I suspect many of us hate being labelled.Labels carry plenty of dangers, but they can be useful, in that they provide consumers with necessary information; what are the ingredients, or the calorific value of a given food. Or, how long and what temperature should I wash a particular garment. In the Church labels can provide an indication of what to expect in an act of worship. So labels can be useful but…….
The trouble with theological (philosophical or political) labels is that they are abstract and nuanced. They are open to use, misuse and abuse. When we self-describe we need to be continuously aware of the potential discrepancies between that which we espouse and enact. Liberals and conservatives alike have an amazing tendency to throw away espoused positions as and when it suits. When labelled by other people we also need to be on our guard, for the label ascribed to us can be used to either align us with a particular group, or to exclude us.
Many of us, throughout our lives and ministry, will be required to self label. This is a reality. If my back was to the wall and, I had no choice, I would label myself as a Liberal Catholic .But, what I would also ask for is a few minutes to explain myself for my real worry is the set of assumptions that any given label may lead to.
Let’s start with the easy bit, Catholic. I am quite happy to affirm a highly orthodox commitment to the Catholic (Nicene and Apostolic) Creeds. I have a ‘relatively’ (compared to some protestant) high theology of the sacraments. I also believe in the concept of representative ministry, where we are called onto to represent Christ in and to the world. My hope is that whatever your own position on these and other issues you will at least be able to regard me as an orthodox Christian. Now for the tricky bit; liberal.
First, I would want to suggest that liberalism is not some form of wishy-washy make it up as you go along version of theology (after all I have tried to convince you of my orthodoxy). Instead I would want to suggest that my liberalism comes from studying the gospels and, in particular the ‘person’ of Christ. Liberalism and humanism are after all close friends. Theological liberalism in this sense is highly humanistic. In no sense does this mean that I do not accept Jesus’ divinity. But what it does do is force me to consider how Jesus lived in the world as a human being.
Studying Jesus the man allows me to suggest that when espoused and enacted liberalism are aligned three of the hallmarks are: openness, inclusivity and hospitality. One of the the criteria that allows me to stand next to Peter and declare Jesus to be the Messiah is the company he kept. He mixed with smelly people (fishermen), dodgy people (tax collectors, publicans, drunkards), clever people (Nicodemus), artistic people (John), female people, Romans, Samaritans, zealots Uncle Tom Cobbley and all. Liberalism is paradoxical in that whilst being a label, one of its real aims is the removal of other major distinguishing categories.Most liberals never get this far (in fact we haven’t even got as far as the removal of the categories Paul suggests for those who are ‘in Christ.)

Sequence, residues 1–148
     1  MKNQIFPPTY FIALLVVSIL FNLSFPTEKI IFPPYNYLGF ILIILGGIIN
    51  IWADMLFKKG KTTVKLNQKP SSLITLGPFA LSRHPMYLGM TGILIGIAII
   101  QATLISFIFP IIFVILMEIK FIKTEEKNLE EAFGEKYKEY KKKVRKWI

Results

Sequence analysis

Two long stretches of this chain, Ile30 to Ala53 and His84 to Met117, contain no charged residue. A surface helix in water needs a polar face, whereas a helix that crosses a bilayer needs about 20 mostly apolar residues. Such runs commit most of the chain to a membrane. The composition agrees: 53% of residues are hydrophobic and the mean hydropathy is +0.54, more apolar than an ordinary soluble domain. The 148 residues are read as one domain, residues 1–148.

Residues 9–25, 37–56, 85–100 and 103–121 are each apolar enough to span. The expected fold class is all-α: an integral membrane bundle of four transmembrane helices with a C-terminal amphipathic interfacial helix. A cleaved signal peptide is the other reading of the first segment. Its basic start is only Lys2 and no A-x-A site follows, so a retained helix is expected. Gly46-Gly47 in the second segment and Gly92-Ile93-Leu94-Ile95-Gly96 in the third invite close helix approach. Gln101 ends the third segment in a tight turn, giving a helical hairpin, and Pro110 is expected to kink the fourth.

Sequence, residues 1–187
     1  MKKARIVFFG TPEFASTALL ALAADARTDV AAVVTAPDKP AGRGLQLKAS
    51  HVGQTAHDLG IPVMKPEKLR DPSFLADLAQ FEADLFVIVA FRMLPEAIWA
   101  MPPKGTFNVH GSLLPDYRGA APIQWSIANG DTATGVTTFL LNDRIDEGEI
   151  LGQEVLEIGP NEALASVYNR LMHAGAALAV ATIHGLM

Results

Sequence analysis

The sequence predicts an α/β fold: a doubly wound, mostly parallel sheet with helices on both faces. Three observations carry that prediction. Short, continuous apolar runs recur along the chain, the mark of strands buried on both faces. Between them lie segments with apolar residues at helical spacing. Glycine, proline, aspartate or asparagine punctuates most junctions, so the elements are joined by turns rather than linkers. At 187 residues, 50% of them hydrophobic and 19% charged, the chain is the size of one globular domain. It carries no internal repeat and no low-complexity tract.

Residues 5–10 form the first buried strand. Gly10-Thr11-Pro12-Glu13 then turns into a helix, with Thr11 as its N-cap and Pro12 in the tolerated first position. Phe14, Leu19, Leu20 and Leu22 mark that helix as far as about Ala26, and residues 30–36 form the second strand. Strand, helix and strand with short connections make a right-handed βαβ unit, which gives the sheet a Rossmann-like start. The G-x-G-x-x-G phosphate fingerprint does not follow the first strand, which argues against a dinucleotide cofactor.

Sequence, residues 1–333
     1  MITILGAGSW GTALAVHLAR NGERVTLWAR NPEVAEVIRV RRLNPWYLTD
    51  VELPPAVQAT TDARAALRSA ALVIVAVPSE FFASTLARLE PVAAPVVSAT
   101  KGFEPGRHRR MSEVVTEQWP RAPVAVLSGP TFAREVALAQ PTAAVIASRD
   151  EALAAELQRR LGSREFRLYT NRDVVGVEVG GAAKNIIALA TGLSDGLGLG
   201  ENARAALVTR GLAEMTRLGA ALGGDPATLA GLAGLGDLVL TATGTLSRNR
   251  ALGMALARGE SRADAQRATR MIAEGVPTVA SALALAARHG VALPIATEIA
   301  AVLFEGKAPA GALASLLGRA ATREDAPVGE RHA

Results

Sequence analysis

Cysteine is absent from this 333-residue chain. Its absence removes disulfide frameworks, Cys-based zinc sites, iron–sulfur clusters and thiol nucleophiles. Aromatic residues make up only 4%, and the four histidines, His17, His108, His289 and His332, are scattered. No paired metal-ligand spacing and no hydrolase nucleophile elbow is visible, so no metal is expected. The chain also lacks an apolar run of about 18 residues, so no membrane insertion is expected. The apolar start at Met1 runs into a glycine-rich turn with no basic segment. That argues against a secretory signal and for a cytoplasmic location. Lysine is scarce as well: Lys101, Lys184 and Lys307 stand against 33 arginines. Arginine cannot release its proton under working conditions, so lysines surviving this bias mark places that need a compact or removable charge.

This may not be possible because true liberalism is more of a process than a destination. It is a grounded way of thinking, feeling and behaving. (Thank you David). Process liberalism can for this reason make no claims to either perfection or destination.
I would like to suggest two further characteristics of theological liberalism, both of which follow from the suggestion that liberalism is at its best about process and behaviour, rather than doctrine and dogma. First, and this draws on the philosophy of science, true liberalism is characterised by provisionality. Provisional truths (according to Karl Popper the Philosopher of Science) are judgements made following a rigorous process of enquiry yet, which remain open to falsification, as a new and more reliable ‘data’ is obtained. As an interesting aside this is why scientific (liberal) atheism is an intellectual misnomer – you cannot falsify God! The most the liberal can in reality say is that ‘this I hold to be provisionally true.’ Humility is therefore a mark of the true liberal, for liberals must always allow for the fact that their stance on a particular issue may be wrong.
Because ‘process liberalism’ can be characterised by openness, inclusivity, generosity and provisionality it’s final hallmark is that of unity. ‘Liberal leaders’ (i.e. those who enact liberalism) may not be able to offer doctrinal certainty, and this is one of the reasons why liberal institutions are frequently smaller than conservative ones, however, what they can offer is breathing space and the acceptance of genuine and thought through difference. And this is where Catholicism (in the reformed variety) comes back into play through its ability to offer to any given community a set of binding practices (such as the Eucharist) as opposed to doctrines.
I hope I have explained myself!